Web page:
They are also working on further development of the MXit wallet, a “digital trade and payment system powered by your cellphone”, which is touted as a proposed solution to the fact that not everyone has access to a debit card. MXit employees are given a lunch allowance via MXit wallet of R43 a day as a way of testing the system. When they came to analyse the results, they found that most of the money was being spent at Kauai, which was interesting because the health-food chain was located substantially further than other restaurants close to the office. Then they hit on the reason for its popularity: because it was a little cheaper than the alternatives. “There is something about mobile technology that encourages you to think small, to rationalise and ration your spending,” they suggest. If true, it’s an intriguing notion.

As a working environment, MXit comes across as an office in the Google vein of things – employees can wear what they like, top-of-the-range coffee is available with a full-time barista, and there’s an emphasis on corporate trust: everyone in the office can sign cheques for up to R10,000 without endorsement. Knott-Craig made the decision to strip away a Human Resources department and a Business Intelligence unit as part of his belief that “scarcity of resources can often be the mother of invention. Great things can happen when people are given the freedom to figure things out for themselves.”

We also learn, however, that MXit employees receive no benefits – no medical aid and no pension. “People must take responsibility for their own lives, and the nuances of their own finances,” Knott-Craig believes. “You actually disempower people when you take that responsibility away.” That’s a fairly contentious notion, and also one at odds with his professed political beliefs – he is not a libertarian, we are told, and believes in the role of government. 

The social network of MXit itself is built around the metaphor of a country: “We’ve got infrastructure, we’ve got systems, we’ve got networks, we’ve got markets, we’ve got an economy. We’ve even got a government. And the job of a government is to serve and protect the people of the country, and make it as easy as possible for them to make a living”. This trope of MXit-as-country recurs throughout the book – if MXit were a country, by the way, it would be the fifth most populous country in Africa.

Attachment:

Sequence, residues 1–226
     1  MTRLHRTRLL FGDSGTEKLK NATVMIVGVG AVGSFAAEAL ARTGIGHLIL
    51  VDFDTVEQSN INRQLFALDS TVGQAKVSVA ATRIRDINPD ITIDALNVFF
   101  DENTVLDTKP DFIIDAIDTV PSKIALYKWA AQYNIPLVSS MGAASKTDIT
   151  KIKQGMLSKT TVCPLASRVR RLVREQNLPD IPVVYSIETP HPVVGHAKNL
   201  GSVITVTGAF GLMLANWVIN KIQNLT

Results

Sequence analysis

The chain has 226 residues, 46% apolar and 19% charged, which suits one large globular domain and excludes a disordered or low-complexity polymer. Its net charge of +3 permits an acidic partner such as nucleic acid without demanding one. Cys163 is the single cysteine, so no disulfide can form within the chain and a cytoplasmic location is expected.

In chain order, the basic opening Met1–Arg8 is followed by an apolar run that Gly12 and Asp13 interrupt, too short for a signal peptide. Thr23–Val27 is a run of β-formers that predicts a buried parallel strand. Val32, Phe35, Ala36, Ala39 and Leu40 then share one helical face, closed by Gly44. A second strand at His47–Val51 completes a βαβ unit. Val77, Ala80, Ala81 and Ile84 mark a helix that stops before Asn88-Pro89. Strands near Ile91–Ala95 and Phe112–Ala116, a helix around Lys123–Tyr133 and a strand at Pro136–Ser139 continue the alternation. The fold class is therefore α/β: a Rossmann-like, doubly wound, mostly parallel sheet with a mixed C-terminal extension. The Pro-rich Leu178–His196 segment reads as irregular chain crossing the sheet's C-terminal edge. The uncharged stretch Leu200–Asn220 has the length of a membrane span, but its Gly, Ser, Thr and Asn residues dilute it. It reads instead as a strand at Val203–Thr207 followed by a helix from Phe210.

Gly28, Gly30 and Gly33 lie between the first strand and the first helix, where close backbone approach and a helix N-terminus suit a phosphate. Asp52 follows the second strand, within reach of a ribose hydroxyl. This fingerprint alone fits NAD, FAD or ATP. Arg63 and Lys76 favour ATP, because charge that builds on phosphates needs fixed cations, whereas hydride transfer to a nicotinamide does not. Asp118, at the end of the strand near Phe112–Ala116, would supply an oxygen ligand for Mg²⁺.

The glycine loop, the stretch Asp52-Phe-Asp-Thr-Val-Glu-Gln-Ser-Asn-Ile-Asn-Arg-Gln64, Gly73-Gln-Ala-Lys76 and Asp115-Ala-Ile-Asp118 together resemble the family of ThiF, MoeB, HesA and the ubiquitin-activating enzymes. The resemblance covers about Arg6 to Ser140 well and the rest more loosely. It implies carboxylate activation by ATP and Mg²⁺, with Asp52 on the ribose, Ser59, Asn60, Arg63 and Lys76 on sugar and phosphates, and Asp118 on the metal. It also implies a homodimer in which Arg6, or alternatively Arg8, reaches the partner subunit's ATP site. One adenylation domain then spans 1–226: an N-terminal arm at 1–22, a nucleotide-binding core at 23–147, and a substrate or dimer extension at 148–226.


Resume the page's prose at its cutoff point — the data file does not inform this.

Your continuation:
Yet sometimes it seems that what Mobinomics suggests is that MXit is not merely a country, but a Utopia. Of MXit’s famously cheap messaging rates (2c per message) compared to standard cellphone SMS rates, they write that from the outset, “it became a political movement, rallying people to the cause with a principle of economic redistribution that came straight from the handbook of a legendary socialist hero, Robin Hood”. This seems hyperbolic, cheap as MXit is.

Some of the most interesting parts of Mobinomics are devoted to exploring the culture of the network itself, which can seem baffling to outsiders. MXit users – MXiteers – send more than 23 billion messages a month, mostly using a language Silber terms ‘Mxlish’ – “a mixture of SMS-speak, SA slang and spelling mistakes”. This code can be so impenetrable to read that MXit has an in-house software system called the MXit Understander, designed to help ‘Dr Math’ volunteers to interpret questions from pupils which often come in forms like: “i need help wit my mathz i can subtract fwm 180 dgrez 4 da anonymas anglz”. It’s enough to give English teachers a full-blown headache.

In recent years MXit has occasionally made headlines for reasons less palatable than those highlighted by the book, such as the 2011 story about the Hawks arresting a former policeman who headed a child porn ring allegedly spreading content via MXit. There is, however, a chapter presumably designed to pre-empt this particular concern, which details the extensive monitoring of the network to ban users disseminating inappropriate content. 

One criticism levelled at the network which Mobinomics can’t really refute, however, is the astonishing amount of time school pupils spend using it: Silber encountered one high-school student who once spent nine hours straight chatting on the network. This aspect has been the subject of much concern from parents and educators, with MXit even being blamed (according to News24) for poor exam results in the Eastern Cape in 2006. Mobinomics is at pains to underscore the more positive sides of MXit use, however, such as the educational applications and, indeed, its potential for creating and solidifying relationships. (There’s even a MXit marriage story.)

MXit is not raking in huge bucks just yet – the book’s concluding chapter notes that the company burns through R4 million a month. But at its current rate of expansion, the future certainly looks bright. There’s a hint at the book’s ending that MXit is looking into evolving into a telco of its own, tired of seeing the airtime spend of its users go into the pockets of the cellular networks. That’s a big plan, but what Mobinomics makes clear is that this has never been a company, or a CEO, scared of dreaming big. DM

Disclaimer: Alan Knott-Craig Jr is a shareholder in The Daily Maverick, which Mobinomics kindly terms “a journal of news and commentary that is helping to shape the way we see our noisy, disruptive democracy”.